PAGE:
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Moore v. United States – What You Need to Know

The U.S. Supreme Court will rule on the validity of the transition tax, which is challenged in Moore v. United States. Read on for details.
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In 2017, the Tax Cuts and Jobs Act (TCJA) introduced the Mandatory Repatriation Act. This act imposed a one-time transition tax on all offshore untaxed earnings and profits for U.S. taxpayers with a minimum ownership in certain foreign corporations. This tax under the Mandatory Repatriation Act was later codified under the Internal Revenue Code as Section 965. Under §965, these taxpayers affected by the Mandatory Repatriation Act would be taxed as if they had earned a dividend from the foreign corporation, even if earnings had never been distributed.

Charles and Kathleen Moore owned 13% of an Indian corporation starting in 2006 and never realized earnings from this investment. In 2017, they received a $15,000 tax bill for unrealized earnings going back to 2006. Believing this transition tax to be unconstitutional, the Moore family took their case to court arguing that because the tax was imposed on accumulated foreign earnings, it was not a tax on income and is therefore unconstitutional under the 16th Amendment. In June 2022, the Ninth Circuit Court of Appeals affirmed a district court’s decision rejecting the challenge. In its decision, the court held that whether income is realized is not a determinative factor regarding the validity of the transition tax.

Following this decision, the U.S. Supreme Court granted writ of certiorari and will now rule on the validity of the transition tax imposed under §965 with regard to any 16th Amendment concerns.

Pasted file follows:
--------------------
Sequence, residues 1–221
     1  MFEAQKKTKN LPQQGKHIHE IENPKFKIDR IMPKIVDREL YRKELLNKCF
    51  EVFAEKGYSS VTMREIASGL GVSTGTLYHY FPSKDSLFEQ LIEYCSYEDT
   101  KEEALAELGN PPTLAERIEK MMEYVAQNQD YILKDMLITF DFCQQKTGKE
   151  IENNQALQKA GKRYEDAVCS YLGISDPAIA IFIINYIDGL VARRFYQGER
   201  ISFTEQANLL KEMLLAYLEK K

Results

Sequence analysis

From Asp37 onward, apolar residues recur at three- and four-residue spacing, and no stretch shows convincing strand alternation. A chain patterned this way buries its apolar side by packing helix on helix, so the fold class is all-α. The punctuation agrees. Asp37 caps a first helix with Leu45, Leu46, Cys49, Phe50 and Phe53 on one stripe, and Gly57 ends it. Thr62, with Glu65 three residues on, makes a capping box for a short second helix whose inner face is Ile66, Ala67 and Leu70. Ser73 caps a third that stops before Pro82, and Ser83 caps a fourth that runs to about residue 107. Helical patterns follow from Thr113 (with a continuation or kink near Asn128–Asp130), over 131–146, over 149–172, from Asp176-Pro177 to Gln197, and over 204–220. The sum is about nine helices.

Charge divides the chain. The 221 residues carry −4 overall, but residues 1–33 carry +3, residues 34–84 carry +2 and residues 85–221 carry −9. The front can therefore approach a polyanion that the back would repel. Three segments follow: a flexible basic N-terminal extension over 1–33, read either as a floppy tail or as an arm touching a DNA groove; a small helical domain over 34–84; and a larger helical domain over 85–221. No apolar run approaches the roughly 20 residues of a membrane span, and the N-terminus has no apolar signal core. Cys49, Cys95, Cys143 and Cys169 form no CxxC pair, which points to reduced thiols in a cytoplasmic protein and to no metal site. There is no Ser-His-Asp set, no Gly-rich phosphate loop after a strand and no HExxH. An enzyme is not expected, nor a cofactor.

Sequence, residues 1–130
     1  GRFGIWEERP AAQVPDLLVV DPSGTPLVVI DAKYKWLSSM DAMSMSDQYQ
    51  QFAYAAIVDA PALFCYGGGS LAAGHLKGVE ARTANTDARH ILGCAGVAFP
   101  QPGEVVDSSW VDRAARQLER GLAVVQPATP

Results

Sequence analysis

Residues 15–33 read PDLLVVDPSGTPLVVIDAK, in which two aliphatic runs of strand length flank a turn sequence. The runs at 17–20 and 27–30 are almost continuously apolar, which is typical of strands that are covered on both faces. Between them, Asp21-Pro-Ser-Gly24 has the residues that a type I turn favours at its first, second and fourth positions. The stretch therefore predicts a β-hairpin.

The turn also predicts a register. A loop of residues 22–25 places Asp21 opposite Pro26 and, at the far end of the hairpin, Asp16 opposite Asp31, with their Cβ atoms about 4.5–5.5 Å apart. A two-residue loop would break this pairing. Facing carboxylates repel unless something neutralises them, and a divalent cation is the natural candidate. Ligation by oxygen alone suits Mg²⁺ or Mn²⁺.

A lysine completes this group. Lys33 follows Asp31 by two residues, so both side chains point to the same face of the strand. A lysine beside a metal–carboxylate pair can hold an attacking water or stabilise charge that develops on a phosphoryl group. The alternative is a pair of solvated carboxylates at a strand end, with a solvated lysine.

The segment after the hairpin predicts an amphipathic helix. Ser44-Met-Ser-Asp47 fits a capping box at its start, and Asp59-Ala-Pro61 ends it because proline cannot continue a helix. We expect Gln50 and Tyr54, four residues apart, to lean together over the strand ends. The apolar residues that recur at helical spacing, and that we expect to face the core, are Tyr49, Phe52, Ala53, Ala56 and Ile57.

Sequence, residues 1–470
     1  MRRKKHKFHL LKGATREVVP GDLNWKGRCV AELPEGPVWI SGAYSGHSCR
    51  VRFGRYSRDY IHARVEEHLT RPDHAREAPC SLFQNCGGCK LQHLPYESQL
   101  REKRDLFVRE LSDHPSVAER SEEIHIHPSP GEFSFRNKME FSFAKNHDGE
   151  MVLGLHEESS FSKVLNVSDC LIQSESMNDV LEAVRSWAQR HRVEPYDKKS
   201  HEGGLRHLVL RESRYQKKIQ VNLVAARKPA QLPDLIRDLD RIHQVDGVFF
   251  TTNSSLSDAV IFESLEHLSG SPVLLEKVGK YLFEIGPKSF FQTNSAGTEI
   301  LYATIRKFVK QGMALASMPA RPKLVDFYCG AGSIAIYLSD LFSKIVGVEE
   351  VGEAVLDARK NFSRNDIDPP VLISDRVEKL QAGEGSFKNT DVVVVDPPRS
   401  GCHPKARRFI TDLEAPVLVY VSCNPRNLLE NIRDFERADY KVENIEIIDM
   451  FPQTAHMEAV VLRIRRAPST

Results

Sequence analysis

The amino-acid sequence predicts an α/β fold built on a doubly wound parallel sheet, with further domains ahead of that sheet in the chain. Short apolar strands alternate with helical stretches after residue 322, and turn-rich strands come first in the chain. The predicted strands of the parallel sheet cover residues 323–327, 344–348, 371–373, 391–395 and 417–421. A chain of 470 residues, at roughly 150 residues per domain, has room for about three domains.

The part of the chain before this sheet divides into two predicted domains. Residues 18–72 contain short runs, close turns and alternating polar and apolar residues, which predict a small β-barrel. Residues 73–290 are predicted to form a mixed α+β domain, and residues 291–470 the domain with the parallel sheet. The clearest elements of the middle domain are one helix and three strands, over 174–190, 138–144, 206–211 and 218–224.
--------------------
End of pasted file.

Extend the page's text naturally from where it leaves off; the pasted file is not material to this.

The petitioners argue that the court’s decision departs from a century of legal precedent set by earlier cases, which have held income realization is a necessary requirement under the U.S. Constitution. The results of the U.S. Supreme Court’s opinion carry significant implications since the transition tax under §965 builds on concepts imposed by the Subpart F regime under §951, a regime that has been long in place prior to enactment of the TCJA, as well as the current global intangible low-taxed income (GILTI) regime created by the TCJA.

A February 2020 estimate by the IRS Statistics of Income Division stated that the net §965 liability for 2017 was $141 billion, with $127 million being deferred. In the Justice Department Tax Division’s fiscal 2024 budget, the transition tax was estimated to raise $340 billion over a 10-year period.


The petitioners in Moore v. United States are hoping for the Supreme Court to rule that the §965 transition tax is unconstitutional under grounds that it violates the 16th Amendment. Although their case had been rejected previously, the Supreme Court granted certiorari on June 26. A taxpayer-favorable decision would be monumental, as the impact of the court’s decision would presumptively not be limited to the transition tax. A decision in the petitioners’ favor also could encourage litigation over long-standing fundamentals of the current U.S. tax system as it relates to U.S. inclusion regimes like GILTI and Subpart F.

We recommend that taxpayers affected by §965 and other inclusion regimes, like the current GILTI and Subpart F regimes, monitor for developments related to Moore. If you have any questions or need assistance, please reach out to a professional at Forvis Mazars or use the Contact Us form below.


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